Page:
The third floor of the Blank Honors Center, a hall normally pristine and filled with light, is currently overridden with debris and construction materials.
The Iowa Reading Research Center is being relocated to the honors center during a $5 million renovation in its previous home, the Lindquist Center, which houses the University of Iowa College of Education.
“The Blank Honors Center, and specifically part of the third floor, was identified by the Campus Planning team as the most viable option to meet IRRC’s needs,” said Tanya Uden-Holman, associate provost for undergraduate education.
Uden-Holman said Rooms 340 and 350 have been assigned to the research center, but students still have access to the north lounge and small-group study spaces during the initial renovation.
The Office of Campus Planning had assessed space availability and potential options for the Iowa Reading Research Center based on their unique needs, Uden-Holman said, and decided that this space was the best.
Sean Thompson, communications specialist for the Iowa Reading Research Center, said the center helps to improve literacy skills in students and provides guidance for literacy instruction in schools.
“The IRRC is relocating, as are all other offices on the first floor of South Lindquist Center,” Thompson said. “The area where our offices are is being renovated into classrooms.”
Iowa Reading Research Center Director Deborah Reed said this is the seventh year the center has existed and the fifth year that it has been housed on the UI campus.
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The center has been increasing its support of students with dyslexia and other reading disabilities, Reed said, and the state Senate passed a bill, Senate File 2356, Feb. 26 based on recommendations from the Iowa Dyslexia Task Force that, if signed into law, would create a new role for the Iowa Reading Research Center in preparing certified teachers to be dyslexia specialists.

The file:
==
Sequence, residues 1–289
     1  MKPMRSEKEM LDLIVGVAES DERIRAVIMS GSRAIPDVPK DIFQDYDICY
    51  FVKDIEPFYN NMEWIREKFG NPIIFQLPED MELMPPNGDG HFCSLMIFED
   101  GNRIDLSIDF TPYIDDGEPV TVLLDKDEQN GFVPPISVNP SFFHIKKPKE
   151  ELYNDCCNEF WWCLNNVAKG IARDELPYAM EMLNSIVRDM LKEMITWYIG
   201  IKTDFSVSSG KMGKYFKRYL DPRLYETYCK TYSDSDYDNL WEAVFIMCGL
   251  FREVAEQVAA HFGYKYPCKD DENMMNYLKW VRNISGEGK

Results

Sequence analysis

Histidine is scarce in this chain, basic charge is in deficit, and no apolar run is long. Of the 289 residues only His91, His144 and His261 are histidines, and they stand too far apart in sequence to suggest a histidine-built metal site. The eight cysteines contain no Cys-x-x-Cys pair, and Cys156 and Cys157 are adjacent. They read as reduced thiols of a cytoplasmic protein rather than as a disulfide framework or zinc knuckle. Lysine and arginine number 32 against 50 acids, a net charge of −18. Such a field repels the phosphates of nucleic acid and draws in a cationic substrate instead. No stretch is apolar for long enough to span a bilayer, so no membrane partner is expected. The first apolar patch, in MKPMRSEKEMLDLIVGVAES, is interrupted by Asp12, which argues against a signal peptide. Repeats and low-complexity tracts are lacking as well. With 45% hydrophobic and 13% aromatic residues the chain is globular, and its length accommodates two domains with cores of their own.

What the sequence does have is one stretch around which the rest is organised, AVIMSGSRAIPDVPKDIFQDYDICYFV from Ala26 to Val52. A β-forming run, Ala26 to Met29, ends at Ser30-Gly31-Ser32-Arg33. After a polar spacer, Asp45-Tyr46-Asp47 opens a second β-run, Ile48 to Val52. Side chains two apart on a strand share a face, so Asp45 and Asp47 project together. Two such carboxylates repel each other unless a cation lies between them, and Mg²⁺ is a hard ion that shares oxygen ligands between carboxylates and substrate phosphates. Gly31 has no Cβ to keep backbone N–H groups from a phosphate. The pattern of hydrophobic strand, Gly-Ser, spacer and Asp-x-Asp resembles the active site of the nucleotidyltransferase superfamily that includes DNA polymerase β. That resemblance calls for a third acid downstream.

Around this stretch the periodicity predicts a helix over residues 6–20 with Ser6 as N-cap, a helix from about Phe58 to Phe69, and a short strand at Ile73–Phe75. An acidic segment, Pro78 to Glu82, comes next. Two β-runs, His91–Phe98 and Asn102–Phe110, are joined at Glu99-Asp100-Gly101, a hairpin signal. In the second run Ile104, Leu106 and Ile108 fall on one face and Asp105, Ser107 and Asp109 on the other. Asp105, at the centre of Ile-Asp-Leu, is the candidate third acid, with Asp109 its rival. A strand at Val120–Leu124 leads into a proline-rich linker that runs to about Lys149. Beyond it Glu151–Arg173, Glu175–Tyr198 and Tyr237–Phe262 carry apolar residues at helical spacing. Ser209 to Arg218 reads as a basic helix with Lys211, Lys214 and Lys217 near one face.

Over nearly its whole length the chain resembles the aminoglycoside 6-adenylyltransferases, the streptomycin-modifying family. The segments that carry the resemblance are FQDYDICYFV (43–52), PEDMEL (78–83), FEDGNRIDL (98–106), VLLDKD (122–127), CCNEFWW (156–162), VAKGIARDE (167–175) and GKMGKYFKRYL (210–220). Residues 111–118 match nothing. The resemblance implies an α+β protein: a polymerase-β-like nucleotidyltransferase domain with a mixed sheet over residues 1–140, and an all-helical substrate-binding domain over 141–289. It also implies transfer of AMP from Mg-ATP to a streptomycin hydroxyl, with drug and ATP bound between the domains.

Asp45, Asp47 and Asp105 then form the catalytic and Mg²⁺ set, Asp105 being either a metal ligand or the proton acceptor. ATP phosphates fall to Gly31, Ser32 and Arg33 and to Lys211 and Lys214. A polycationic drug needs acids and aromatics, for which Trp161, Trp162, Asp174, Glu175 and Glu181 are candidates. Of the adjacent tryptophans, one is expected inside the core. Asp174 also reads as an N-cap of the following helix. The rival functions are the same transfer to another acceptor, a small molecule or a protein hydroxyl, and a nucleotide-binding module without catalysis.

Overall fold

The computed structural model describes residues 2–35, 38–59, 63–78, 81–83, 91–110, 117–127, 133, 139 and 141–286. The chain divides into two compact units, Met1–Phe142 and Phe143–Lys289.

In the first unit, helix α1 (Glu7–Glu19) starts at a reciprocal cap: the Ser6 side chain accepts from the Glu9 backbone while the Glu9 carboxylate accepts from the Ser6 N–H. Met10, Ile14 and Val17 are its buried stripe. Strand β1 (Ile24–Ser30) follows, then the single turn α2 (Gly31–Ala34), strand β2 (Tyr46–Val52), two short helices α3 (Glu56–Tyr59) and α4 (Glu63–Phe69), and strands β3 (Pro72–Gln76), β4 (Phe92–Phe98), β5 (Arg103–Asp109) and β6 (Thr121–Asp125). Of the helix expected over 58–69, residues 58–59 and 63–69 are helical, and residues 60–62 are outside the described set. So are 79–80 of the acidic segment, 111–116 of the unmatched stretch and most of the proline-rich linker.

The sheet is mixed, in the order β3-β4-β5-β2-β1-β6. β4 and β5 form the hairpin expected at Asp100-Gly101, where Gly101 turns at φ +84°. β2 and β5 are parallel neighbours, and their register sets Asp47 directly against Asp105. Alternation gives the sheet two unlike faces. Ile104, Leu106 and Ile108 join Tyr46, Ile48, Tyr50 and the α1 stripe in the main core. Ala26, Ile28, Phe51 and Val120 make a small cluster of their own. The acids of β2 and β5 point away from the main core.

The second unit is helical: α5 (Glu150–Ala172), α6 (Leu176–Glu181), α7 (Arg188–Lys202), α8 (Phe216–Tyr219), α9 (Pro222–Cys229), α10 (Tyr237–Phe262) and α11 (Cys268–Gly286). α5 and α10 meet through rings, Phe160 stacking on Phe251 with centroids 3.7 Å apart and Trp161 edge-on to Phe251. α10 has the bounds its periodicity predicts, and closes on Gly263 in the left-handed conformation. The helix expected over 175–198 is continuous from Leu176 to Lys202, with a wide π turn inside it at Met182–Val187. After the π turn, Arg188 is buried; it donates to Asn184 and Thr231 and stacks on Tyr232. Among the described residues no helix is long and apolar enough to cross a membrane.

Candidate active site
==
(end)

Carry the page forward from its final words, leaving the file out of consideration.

“Since 2015, the breadth of our literacy research, involvement in professional learning for literacy instruction, and technical assistance for educators has and continues to expand,” Reed said. “We take great pride in helping to improve literacy instruction for the students of our state and want to minimize the interruption of that.”
Reed said the center is preparing for a smooth transition and is excited about the work ahead and the impact that it can have for Iowa families.
Uden-Holman said construction is estimated to be completed in late May and that, although the renovations on the third floor of the Blank Honors Center will result in the loss of some study space, the Honors team plans to explore other areas of the building that could be utilized for additional student study space.
“We look forward to gathering input from Honors students to assist with planning for the furnishing of the student lounge and study spaces, and we appreciate everyone’s patience during the renovations,” Uden-Holman said.